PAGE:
A man in a black suit standing beside Hashem raises his hand, and signals to the crane operator.
The rope goes straight.
A pause and then another signal, and it rises slowly and gently, taking Hashem with it. It seems somehow normal.
The crowd goes suddenly quiet.
Ali Reza Khoshruy Kuran Kordiyeh, known as the "Tehran Vampire," was whipped more than 200 times with a thick leather belt, then tied to a yellow crane and lifted, legs kicking, high into the air with a rope around his neck. The execution took place in front of victims' families and a crowd of 10,000 to 20,000 spectators.
This method is currently used in Iran and was also used for some executions in Taliban controlled Afghanistan where executees were hanged from the barrels of tanks and from mobile crane jibs. In Iran, both mobile crane and recovery truck jibs have been used. All of these have hydraulic mechanisms for raising them, so the jib serves as both the gallows and the means of getting the prisoner suspended.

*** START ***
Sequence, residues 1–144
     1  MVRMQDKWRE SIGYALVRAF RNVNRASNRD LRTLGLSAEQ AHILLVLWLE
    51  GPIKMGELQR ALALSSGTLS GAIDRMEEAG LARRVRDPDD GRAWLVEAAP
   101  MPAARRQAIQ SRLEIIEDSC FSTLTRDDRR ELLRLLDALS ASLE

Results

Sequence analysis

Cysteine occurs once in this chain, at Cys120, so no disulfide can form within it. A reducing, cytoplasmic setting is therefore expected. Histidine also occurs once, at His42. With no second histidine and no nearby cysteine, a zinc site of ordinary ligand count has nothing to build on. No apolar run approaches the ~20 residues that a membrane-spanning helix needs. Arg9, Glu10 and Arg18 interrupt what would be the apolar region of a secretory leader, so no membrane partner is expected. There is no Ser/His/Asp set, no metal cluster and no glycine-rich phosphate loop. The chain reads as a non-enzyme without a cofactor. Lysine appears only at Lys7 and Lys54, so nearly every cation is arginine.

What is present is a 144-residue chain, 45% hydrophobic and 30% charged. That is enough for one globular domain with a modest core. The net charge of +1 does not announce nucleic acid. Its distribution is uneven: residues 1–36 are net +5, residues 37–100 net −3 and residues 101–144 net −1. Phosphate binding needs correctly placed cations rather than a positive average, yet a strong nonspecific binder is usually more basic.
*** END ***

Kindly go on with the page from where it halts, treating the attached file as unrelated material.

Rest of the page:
The [Iranian] Constitution guarantees equal treatment for men and women before the law. Commensurate with the Islamic code, all human, political, economic, social and cultural rights are guaranteed to women. It obligates the Government to safeguard women's rights in the areas of motherhood, family values, marital rights, and support. The civil code provides that men and women should enjoy equal rights in land and livestock ownership, employment opportunities, social security benefits and application for commercial credit and loans. Efforts have been made, including public awareness programmes on radio and TV, and the addition of discussion of women's rights in school and literacy campaign programmes, to remove the inequalities that women have long suffered.1
Since January 1990 Amnesty International has documented 37 executions of child offenders in eight countries– the Democratic Republic of Congo, Iran, Nigeria, Pakistan, Saudi Arabia, the USA, China and Yemen. The USA carried out 19 executions – more than all other countries combined.
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